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Relationships are established, built and strengthened over time. But, while those living with osteoarthritis (OA) and rheumatoid arthritis (RA) may have multiple allies, their ties with you can be unique. Perhaps you’ve seen how a strong relationship with a patient can make a difference in treatment.1

Health outcomes are often clinical measures. However, when it comes to value-based metrics like patient satisfaction, emotional factors—like trust and loyalty in the doctor-patient relationship—may play an important role.2

Innovation in health care isn't new. Telehealth has been around for decades.3 Since the beginning of the COVID-19 pandemic, telehealth use has grown dramatically. As Meg Barron, American Medical Association vice president of digital innovation, explained in September 2020, "More physicians than ever have recognized digital health tools as an advantage for driving efficiency and safety in health care."4 Technology may offer additional ways for you to connect with your patients, too.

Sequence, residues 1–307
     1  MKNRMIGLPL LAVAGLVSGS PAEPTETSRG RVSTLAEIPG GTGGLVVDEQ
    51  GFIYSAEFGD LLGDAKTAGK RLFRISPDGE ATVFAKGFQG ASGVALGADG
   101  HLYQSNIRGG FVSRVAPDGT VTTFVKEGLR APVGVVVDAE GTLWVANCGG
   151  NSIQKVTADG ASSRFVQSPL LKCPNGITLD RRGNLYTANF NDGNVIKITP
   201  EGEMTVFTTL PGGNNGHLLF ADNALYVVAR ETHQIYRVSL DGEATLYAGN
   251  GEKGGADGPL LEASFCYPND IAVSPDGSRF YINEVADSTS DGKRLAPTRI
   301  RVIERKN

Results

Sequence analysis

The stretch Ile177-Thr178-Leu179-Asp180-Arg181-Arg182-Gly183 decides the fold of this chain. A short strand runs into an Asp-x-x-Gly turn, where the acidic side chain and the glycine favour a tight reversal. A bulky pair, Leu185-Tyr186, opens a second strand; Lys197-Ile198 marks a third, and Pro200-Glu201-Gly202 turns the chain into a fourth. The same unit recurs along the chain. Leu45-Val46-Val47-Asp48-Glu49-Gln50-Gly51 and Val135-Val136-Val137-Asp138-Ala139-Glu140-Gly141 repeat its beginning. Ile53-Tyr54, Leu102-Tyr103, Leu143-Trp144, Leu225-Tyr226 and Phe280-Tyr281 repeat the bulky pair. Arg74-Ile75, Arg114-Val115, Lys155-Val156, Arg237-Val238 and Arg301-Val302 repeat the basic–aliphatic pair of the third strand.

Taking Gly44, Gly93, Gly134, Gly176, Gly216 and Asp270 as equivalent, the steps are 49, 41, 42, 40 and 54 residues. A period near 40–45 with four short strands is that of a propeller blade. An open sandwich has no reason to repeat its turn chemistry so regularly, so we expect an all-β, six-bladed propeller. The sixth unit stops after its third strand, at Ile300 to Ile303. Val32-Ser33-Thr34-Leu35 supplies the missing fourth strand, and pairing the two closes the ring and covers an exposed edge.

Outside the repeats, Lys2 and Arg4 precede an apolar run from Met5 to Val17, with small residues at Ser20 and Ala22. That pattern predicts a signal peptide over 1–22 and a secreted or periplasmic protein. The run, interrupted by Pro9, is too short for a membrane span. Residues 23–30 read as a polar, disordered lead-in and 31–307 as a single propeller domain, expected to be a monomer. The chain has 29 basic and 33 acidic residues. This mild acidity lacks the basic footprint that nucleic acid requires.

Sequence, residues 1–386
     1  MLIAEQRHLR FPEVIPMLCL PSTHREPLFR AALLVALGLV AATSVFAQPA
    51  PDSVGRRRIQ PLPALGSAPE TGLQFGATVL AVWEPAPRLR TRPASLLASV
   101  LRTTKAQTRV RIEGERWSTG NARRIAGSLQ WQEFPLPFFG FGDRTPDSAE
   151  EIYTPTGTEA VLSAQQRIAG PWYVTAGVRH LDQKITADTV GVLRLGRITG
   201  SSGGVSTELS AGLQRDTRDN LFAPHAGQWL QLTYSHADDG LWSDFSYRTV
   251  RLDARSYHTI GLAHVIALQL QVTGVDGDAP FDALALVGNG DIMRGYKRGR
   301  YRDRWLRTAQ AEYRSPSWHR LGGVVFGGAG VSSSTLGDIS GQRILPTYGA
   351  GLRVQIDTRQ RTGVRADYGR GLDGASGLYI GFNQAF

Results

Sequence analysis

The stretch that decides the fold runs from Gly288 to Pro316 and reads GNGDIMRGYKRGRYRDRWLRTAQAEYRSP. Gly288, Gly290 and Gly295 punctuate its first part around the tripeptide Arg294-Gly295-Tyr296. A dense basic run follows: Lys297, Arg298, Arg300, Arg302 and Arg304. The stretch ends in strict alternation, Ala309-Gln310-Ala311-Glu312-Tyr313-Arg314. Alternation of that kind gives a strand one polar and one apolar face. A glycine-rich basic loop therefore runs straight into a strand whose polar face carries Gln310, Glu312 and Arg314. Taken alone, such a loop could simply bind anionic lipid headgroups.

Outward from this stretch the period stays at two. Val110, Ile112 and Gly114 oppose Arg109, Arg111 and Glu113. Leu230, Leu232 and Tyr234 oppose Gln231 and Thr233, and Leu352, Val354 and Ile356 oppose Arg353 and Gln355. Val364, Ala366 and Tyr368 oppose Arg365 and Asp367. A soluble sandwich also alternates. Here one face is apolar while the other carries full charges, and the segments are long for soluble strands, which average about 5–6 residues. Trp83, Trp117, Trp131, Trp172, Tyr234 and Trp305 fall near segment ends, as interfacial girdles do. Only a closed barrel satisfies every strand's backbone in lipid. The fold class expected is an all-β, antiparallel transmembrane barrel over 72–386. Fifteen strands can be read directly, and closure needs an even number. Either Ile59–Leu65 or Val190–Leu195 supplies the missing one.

Technology Use Will Keep Growing


There is no doubt, when you look at the trends,

that technology will continue to evolve. And,

with it, new ways to connect with patients.

There is no doubt, when you look at the trends, that technology will continue to evolve. And, with it, new ways to connect with patients.

Connecting Like Never Before

During the COVID-19 pandemic, when in-person office visits were restricted, telemedicine quickly emerged as a safer way to deliver non-emergency care. Today it may be utilized more than ever. And many patients expect to use telehealth care after the pandemic.9 A look at the benefits of telemedicine may explain why.